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Madame C.J. Walker was the Oprah of the late 1800's | Black History Moment of the Day

<p>And all it took was some good hair care.</p>

Chad White

Black History encapsulates more than a month. This new daily series will take a look at some lesser known events and people in the world.

Before Bruno Mars, there was Michael Jackson. Before LeBron James, there was Michael Jordan. Before Oprah Winfrey, there was Madame C.J. Walker -- the original black female millionaire.

Born in December of 1867 to former slaves, Walker’s name was originally Sarah Breedlove. Even then, she was making waves. Breedlove was the first of five children to be born into freedom. Sadly though, life afforded her no other merits as she was orphaned at 7, married at 14 and widowed at 20. She eventually became a single mother working for $1.50 a day as a washerwoman.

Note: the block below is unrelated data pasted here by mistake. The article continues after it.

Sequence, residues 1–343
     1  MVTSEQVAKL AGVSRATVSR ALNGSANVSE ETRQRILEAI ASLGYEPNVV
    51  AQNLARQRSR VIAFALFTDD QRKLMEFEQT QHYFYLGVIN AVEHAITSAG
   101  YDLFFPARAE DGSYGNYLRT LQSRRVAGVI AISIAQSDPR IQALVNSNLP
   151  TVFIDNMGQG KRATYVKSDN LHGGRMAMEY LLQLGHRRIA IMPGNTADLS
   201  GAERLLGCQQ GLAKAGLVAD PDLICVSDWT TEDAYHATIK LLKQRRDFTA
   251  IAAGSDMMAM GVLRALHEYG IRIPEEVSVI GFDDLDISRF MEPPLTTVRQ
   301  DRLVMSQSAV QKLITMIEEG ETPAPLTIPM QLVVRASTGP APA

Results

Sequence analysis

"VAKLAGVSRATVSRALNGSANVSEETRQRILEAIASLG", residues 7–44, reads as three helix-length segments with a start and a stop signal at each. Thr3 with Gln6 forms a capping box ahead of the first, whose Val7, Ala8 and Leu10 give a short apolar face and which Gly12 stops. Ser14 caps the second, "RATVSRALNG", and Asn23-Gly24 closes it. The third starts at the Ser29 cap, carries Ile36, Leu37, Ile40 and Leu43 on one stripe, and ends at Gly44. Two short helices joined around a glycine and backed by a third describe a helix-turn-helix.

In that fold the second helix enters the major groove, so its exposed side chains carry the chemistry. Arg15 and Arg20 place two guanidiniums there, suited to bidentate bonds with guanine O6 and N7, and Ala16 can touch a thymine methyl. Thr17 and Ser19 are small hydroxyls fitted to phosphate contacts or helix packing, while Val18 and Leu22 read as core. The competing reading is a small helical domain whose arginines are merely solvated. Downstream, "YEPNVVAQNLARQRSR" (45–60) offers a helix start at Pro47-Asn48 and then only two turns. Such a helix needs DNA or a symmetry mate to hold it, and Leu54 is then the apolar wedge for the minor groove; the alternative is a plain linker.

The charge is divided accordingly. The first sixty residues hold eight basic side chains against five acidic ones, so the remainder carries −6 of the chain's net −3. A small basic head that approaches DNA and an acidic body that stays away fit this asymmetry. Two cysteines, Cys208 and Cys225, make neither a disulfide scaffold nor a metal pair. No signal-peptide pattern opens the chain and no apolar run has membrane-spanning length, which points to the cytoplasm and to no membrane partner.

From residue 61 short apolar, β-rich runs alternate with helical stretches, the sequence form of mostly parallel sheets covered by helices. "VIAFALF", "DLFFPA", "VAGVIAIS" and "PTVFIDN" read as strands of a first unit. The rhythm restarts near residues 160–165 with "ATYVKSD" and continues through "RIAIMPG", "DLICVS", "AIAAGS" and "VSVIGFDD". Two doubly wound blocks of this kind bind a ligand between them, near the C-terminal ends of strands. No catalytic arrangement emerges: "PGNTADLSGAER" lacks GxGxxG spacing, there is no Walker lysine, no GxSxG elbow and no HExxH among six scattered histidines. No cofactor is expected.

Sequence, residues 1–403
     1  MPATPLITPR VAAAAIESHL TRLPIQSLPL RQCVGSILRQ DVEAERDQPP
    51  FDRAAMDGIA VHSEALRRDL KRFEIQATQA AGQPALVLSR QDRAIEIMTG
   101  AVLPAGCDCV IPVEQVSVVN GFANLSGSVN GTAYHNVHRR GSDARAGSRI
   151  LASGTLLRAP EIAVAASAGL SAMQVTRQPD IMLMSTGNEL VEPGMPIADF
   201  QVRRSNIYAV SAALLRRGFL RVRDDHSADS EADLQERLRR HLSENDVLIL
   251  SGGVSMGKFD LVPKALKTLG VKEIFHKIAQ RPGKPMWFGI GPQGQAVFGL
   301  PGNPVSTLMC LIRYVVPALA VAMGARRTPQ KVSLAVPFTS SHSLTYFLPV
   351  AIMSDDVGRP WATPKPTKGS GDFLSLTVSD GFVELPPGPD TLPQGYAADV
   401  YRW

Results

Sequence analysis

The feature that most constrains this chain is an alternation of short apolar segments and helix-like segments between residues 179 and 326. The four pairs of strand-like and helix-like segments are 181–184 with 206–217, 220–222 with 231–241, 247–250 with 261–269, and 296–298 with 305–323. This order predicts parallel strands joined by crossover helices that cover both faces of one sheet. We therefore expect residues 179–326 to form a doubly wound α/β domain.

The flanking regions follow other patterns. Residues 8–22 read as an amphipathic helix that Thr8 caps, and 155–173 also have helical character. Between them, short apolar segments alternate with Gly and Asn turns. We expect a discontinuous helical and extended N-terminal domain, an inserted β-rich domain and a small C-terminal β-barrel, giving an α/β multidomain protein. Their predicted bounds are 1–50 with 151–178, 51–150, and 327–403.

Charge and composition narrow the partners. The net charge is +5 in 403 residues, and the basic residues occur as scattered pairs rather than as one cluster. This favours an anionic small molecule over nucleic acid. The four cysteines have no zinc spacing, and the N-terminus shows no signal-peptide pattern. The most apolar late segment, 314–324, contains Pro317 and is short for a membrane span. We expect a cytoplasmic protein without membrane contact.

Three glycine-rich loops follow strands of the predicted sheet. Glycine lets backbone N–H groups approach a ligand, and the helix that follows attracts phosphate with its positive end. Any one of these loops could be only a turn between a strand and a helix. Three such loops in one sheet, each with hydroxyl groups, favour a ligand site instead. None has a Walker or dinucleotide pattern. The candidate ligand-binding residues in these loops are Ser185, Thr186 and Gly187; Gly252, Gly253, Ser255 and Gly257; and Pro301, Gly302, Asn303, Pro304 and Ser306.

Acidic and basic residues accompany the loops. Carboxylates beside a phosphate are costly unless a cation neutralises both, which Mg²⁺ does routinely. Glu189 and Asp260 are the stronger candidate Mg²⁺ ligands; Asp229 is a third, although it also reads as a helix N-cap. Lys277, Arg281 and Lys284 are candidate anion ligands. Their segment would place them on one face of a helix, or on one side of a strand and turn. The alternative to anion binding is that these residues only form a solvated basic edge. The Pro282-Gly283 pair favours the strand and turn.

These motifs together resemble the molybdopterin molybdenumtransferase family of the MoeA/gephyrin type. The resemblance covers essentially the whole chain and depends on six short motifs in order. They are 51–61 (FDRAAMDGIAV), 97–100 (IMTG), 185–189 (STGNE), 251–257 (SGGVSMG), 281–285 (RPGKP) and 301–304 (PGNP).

Breedlove eventually married her third husband -- Charles Joseph Walker -- who worked as a newspaper sales agent. By the 1890’s, Walker nee Breedlove began to lose her hair. But she developed a tonic that would help her grow her hair back at a rate so fast that it eclipsed the amount of hair she lost and then some. The recipe reportedly came to her in a dream: “a big black man appeared to me [in a dream] and told me what to mix up for my hair.” Using her husband’s newspaper connections, Walker was able to market the new hair care product.

The product was a hit as Sarah Breedlove Walker began doing business as Madame C.J. Walker. She employed a multilevel marketing style (similar to today’s Mary Kay) that saw sales teams doing the bidding. Her fortune grew immensely as she beat all variations of racism sexism.

But not all of her works can be summed up as purely monetary. Walker also managed to do a lot of work for the National Association for the Advancement of Colored People. She even helped orphanages, homes and colleges to be built.